Last night, as Christopher Hawthorne reported for the LA Times, the Hammer Museum played “Koolhaas Houselife”, a comical and witty documentary by Ila Bêka and Louise Lemoîne that follows Guadalupe Acedo, the cleaning woman, as she maintains the 1998 masterpiece.
Although architects, designers and engineers may look at the House of Bordeaux and admire its dramatic cantilever, the conceptually thrilling idea of the central lift for the handicapped client, and the circular windows that vary in size and placement according to the heights of the different residents, what is it like to occupy that space on a daily basis? After all, it is a house, and what is it like to do some of the most basic chores in an award winning building?
More including a short trailer after the break.
The film shows how the residence’s main component, the wheelchair lift, now takes on new uses, as its wheelchair-bound client has died, “leaving his wife to inhabit a piece of architecture in large part custom-made for a man who no longer lives there,” added Hawthorne.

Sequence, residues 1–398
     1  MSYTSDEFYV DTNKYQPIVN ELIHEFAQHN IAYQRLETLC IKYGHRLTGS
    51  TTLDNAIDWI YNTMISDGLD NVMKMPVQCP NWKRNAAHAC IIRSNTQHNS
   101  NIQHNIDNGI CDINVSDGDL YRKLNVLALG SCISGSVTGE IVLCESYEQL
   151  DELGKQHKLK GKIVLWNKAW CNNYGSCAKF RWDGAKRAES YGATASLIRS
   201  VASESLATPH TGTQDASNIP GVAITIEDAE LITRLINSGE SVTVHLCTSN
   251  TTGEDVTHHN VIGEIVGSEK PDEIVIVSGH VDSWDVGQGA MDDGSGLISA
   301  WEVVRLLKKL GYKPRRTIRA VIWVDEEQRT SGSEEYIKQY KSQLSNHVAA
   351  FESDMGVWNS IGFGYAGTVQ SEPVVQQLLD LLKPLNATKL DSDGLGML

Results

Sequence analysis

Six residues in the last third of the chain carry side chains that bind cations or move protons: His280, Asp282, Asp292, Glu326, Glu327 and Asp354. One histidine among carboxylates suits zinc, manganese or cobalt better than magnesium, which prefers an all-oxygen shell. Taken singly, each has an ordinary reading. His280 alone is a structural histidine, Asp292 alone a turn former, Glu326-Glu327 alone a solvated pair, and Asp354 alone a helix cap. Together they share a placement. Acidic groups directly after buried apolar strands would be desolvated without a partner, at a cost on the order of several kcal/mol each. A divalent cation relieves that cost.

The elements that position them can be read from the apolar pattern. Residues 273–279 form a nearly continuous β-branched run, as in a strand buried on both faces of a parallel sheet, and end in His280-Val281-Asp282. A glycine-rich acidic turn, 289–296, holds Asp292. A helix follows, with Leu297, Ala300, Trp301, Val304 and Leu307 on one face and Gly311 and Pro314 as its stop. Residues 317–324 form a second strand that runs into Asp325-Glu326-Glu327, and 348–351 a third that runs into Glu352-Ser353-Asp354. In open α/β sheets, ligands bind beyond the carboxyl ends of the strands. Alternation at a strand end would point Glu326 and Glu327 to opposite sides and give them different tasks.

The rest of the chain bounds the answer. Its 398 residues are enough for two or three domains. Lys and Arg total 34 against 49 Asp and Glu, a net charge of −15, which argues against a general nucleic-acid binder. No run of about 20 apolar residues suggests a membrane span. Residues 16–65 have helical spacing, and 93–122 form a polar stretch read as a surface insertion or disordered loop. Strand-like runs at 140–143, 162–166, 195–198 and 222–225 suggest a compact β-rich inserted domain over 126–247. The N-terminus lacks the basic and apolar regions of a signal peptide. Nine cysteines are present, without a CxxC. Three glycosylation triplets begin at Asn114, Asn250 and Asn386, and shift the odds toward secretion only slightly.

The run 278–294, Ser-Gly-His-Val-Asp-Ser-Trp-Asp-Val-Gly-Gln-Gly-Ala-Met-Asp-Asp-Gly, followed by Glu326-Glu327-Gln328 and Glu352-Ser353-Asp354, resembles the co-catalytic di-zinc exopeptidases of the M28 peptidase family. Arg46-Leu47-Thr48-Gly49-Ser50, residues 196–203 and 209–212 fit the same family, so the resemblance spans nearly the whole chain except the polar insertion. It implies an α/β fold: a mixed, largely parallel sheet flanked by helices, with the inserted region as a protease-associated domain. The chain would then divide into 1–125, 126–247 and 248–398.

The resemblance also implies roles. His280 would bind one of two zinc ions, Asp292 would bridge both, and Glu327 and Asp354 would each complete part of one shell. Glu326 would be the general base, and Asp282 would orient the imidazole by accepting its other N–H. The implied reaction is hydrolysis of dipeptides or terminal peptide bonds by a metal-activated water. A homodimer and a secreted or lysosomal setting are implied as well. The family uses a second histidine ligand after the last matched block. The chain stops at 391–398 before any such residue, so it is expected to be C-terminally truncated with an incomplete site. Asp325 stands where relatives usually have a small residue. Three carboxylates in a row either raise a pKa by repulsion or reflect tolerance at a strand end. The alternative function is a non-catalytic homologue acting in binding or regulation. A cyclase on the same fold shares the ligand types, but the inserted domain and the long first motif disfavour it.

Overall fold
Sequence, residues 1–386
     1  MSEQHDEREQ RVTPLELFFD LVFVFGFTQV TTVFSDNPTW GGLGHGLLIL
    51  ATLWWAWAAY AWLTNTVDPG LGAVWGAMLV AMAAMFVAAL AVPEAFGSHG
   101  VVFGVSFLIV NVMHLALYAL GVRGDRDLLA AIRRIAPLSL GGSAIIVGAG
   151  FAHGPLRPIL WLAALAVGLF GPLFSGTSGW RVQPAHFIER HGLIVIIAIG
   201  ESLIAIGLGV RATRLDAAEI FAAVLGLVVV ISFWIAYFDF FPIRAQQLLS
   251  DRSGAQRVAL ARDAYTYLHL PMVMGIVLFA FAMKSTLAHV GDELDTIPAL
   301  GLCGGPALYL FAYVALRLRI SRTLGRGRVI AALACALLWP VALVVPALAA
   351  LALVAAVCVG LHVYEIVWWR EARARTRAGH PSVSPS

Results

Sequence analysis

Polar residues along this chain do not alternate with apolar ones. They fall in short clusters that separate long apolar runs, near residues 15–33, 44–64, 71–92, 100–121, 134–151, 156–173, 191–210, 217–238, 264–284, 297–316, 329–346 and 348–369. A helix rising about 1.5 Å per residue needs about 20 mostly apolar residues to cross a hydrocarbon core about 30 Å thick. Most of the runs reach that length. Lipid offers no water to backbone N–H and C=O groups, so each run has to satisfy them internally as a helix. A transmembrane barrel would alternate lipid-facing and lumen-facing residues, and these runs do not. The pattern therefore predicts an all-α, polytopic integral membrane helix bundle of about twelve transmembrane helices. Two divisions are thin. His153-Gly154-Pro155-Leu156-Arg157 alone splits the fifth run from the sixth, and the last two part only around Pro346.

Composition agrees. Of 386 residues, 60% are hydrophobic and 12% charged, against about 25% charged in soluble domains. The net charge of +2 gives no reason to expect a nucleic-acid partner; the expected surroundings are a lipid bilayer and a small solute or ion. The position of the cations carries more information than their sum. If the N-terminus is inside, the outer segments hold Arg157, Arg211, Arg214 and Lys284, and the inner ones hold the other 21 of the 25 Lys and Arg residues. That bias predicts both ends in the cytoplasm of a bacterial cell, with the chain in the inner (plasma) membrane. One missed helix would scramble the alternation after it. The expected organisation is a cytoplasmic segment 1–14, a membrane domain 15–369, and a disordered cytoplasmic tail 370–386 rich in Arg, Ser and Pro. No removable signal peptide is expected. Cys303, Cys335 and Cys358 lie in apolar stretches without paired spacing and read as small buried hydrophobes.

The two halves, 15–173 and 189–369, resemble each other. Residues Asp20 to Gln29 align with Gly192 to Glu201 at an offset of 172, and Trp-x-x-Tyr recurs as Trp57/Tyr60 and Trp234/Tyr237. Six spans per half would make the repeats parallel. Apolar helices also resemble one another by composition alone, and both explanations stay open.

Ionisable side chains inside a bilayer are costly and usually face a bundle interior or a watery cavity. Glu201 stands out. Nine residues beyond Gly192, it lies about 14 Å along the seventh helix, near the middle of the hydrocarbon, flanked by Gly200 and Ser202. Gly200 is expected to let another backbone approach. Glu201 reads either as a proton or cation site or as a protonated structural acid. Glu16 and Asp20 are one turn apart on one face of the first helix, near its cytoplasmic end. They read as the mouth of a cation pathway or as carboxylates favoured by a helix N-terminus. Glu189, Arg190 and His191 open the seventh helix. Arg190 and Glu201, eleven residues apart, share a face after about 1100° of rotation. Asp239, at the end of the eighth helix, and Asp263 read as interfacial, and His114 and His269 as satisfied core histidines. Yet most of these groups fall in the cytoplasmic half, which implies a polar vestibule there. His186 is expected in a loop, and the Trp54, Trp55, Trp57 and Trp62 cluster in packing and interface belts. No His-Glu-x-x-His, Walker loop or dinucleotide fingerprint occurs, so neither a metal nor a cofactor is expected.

Hawthorne shares that although Acedo may point out the residence’s flaws, she, probably more than anyone, would defend the grand structure, as she regards the house as more than just a Rem Koolhaas project – it has become a part of her.
This film is part of a series of films by Bêka and Lemoîne that select architecturally renown buildings, such as Gehry’s Guggenheim in Bilbao or Jubilee Church by Richard Meier, and portray a “real” side of the building. The films are not concerned with explaining the building and the design, but rather, with showing a new perspective. We often have preconceived notions that these structures are seemingly perfect, but the films provide insight into the routines of people who actually live, work or clean the selected buildings. “Thus, their intention is to talk about architecture, or rather to let architecture talk to us, from an “inner” point of view, both personal and subjective.”
Videos via YouTube BekaFilms Production.